Karen, who is 39 years old and lives in Napier, is doing the Wellington Pink Ribbon Walk after she was diagnosed with breast cancer in 2017.
My name is Karen and I am walking for myself. I was diagnosed with stage 3 breast cancer in 2017. I was only 36 years old!
In November 2016, I found a lump in my breast. I shrugged it off as there was no history of breast cancer in my family. But to be sure, I went to my GP to get checked out just in case. They did a breast exam and said to me that the lump was probably hormone related as there was no family history of breast cancer.
In January 2017, I woke up in searing pain. I couldn't get comfortable and ended up taking some tramadol that I had in the house from a previous surgery. It dulled the pain but didn't eliminate it completely. I rung Health Line to make sure I shouldn't go to the Emergency Department and they said to wait until the morning and make an appointment with my GP. My GP was away, so I had a locum GP who immediately organised an appointment for a mammogram and an ultrasound for the following week.
The following week I attended my appointment for the mammogram and ultrasound. While having the ultrasound done, they said that they could see two lumps and wanted to take a biopsy. I said sure, still not thinking that this could be anything. Well, after eight biopsies, I was in so much pain but still in denial that this could be anything serious.
Two weeks later (as our local doctors had organised strike action and I couldn't get my results before then) I was back at my GP's office awaiting my results. My GP was still away so another GP saw me. He asked what he could help with and I said “I am in for my results from my mammogram, ultrasound and biopsy”. He turned around and said “You have an appointment with the breast surgeon next Monday”. This was on Thursday. I asked why and he said “You have breast cancer”. I was like a stunned deer in headlights. He then realised that I didn't know and he had delivered the verdict in an offhanded way.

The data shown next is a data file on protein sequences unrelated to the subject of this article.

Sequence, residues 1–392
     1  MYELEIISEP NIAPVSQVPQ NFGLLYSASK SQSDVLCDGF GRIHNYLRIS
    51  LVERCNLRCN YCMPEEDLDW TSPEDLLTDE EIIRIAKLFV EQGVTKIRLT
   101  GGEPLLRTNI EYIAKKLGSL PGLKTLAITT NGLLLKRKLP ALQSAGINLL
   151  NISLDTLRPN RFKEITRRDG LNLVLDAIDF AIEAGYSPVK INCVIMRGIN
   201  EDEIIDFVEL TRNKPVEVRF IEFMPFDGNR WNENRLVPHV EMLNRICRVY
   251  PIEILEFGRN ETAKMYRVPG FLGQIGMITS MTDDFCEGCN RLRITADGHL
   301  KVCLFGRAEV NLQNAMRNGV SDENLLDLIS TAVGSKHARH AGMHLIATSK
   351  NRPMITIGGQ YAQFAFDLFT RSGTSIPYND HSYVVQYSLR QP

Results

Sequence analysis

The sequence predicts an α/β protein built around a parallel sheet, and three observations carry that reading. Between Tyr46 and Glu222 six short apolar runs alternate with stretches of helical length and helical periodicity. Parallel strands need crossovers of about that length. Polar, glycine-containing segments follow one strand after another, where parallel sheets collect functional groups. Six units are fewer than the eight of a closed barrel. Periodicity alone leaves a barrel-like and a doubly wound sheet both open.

My world fell apart after my diagnosis.
From that moment on, it was a whirlwind of appointments with my surgeon, nurses, fertility specialist, numerous blood tests and psychologists.
My surgery was scheduled for the 14th February 2017. I went in for a bilateral mastectomy. On the plus side, I woke up to a lovely smelling room full of flowers and some very relieved people - my partner, my mum and dad and my two children. However, when the bandages came off and I looked for the first time at my body, I cried! I said to my partner that I looked like Frankenstein's Wife and he should leave me for someone prettier than me. Fortunately, he didn't leave me and I am now proud to say he is my husband.
After healing from surgery, I did months of chemotherapy. My hair fell out after five days from my first dosage which was devastating. I also lost my eyebrows, eyelashes, and all other hair on my body (which to be honest, some of it was not bad!).
Not much of a break from finishing chemotherapy and it was down to Palmerston North to do radiation. Weeks of radiation was endured. My last few sessions were cancelled as my skin was black and incredibly painful. The lovely radiologist said she could not do anymore damage to my skin and took pity on me. The staff at Ozanam House were incredibly friendly and understanding on my various moods - and let's be honest, I was pretty moody at times...
Back in Hawke’s Bay and under the care of the public health nurses, and I remember one of the district nurses saying "This is the worst radiation burns I have ever seen!" This did not boost my confidence in my already low morale of myself.
I have healed as best I could from the radiation but my skin will never be the same again. On the plus side, I am still here on this earth to tell my story.
I started monthly hormone injections in September 2017 along with a daily hormone tablet.
I have since had three more corrective surgeries to give me some 'breasts' back and to try and make them look 'normal' - though normal they will not be ever again.
I had my last surgery a few months ago and that was to get some nipples back. They look better than I expected and it just makes me feel semi-women again (not so Frankenstein-like).
My family and friends kept me going in the dark days with their ability to make me laugh and their unending support of my journey. For that I will be forever grateful!
I am now more comfortable with what my new body looks like and I wake up every day with a new appreciation of life. I do not get so stressed with the little things. I fully intend to live life to the fullest as you never know what is around the corner and how your life can change in an instant.
I know that everyone's journey is different but I am doing the Pink Ribbon Walk to support all women and men going through this journey, both past and present. It is not an easy journey and not one that I wish anyone to partake in.
The support, resources and vital research that Breast Cancer Foundation NZ provides is invaluable. Doing the Pink Ribbon Walk is my way of thanking them for all that they do.